In an embodiment of the invention, if a first area (or point) of the image is marked with a first color and a second area (or point) is marked with a second color, then the transition between the first and second colors between the markings will depend on the rate of change of the intensity of the image between them. If the rate of change is slow (e.g., there is a sloped change in intensity, no discernable boundary or more than one boundary) then the color will transition between the two areas in a smooth manner. If the transition in intensity is abrupt, then the change will be abrupt.

If a segmentable region is not marked, then if it is surrounded by a region taking on a single color, it will also take on that color. If it is between two regions of different color it will usually either have an intermediate color or take on one of the neighboring colors, depending on the rates of change of the intensity between the color markings. The inventors have found that when the method of the invention is used, the colored image generally has all of the pixels colored, even when the markings are only made over some of the areas that would be segmented, were a segmentation algorithm employed. This makes colorization easier and results in a more pleasing end result.

An aspect of some embodiments of the invention is concerned with colorization of sequences of images.

In an embodiment of the invention, motion between pixels in two neighboring images in a sequence is measured (using any available method of the art). The neighborhoods of pixels (both for the markings and the image pixels) are optionally defined in 3D (the third dimension being “t” i.e., the neighboring pixels in the adjacent image), after accounting for motion. Colorization proceeds as described above, with the minimum cost being determined for two neighboring images together. Using this method, only 10%, 20% or fewer percent of images in a sequence need be marked. Furthermore, if only one object in an image of a sequence becomes miss-colored, this can be corrected by marking a color on this object only and subsequent images can use the coloration of this image.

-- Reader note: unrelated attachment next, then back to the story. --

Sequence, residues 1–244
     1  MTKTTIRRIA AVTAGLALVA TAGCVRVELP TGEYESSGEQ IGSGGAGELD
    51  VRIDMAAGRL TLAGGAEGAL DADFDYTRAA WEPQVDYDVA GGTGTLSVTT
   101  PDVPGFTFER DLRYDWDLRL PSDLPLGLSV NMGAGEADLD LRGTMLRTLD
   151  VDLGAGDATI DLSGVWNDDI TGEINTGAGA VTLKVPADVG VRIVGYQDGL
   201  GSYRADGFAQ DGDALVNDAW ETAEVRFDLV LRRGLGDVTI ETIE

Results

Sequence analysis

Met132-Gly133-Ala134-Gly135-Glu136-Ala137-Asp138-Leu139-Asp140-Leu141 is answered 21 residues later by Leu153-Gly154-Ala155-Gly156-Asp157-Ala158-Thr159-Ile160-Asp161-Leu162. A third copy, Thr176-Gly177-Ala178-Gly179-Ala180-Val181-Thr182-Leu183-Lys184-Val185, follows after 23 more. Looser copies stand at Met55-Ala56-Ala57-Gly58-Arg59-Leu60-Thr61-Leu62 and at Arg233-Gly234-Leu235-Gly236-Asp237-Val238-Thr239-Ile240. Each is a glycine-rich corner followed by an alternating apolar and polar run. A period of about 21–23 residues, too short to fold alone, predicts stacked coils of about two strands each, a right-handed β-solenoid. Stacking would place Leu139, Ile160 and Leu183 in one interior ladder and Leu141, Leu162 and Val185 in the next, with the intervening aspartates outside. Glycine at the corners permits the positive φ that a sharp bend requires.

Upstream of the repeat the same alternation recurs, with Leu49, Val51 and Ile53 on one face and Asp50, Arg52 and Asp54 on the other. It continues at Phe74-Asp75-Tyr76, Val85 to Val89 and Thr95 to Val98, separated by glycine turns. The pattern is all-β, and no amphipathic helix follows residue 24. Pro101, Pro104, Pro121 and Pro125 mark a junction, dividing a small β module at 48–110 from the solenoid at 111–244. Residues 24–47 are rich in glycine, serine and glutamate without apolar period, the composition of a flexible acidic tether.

An aspect of some embodiments of the invention deals with partial de-colorization or recolorization of an image. In an embodiment of the invention markings are placed on those areas to be de-colored and different markings are placed on those areas for which the color is not meant to change. A cost factor is associated with the portions of the image not associated with the markings and a least cost solution is determined. For recolorization color marings are made on the areas to be recolored with those areas not to be recolored marked by a special color, such as white or gray.

There is thus provided, in accordance with an embodiment of the invention, apparatus for colorization of images, comprising:

an image display;

a user input adapted to mark an image displayed on the display with multiple color markings, at least some of which are in different colors; and

a controller, which receives the user generated markings and colors the image responsive to the marked colors and the intensity of the original image, such that colors from various markings are mixed in at least some regions of the image, the extent of said mixing dependent on differences between the intensity thereat and at nearby pixels in the image.

In an embodiment of the invention, the displayed image is a black and white image containing objects and wherein the controller colorizes the entire image, based on the markings, even when some objects are not marked.

Optionally, the extent of said mixing is dependent on a scalar factor of differences of the intensity thereat and at nearby pixels in the image.

In an embodiment of the invention, the controller generates a cost for each small region of the image, said cost being based on a difference between a color to be assigned to the small region and the color of neighboring pixels and a difference between the intensity of the small region and the neighboring pixels. Optionally, small regions consist of single pixels. Optionally, the controller finds a minimum cost for each of the small regions of the image and colors the image with colors according to said minimum cost. Optionally, the minimum cost is a global minimum cost considering all of the pixels being colored. Optionally, the generated cost increases with increasing color difference between nearby pixels. Optionally, the generated cost decreases with increasing intensity difference between neighboring pixels.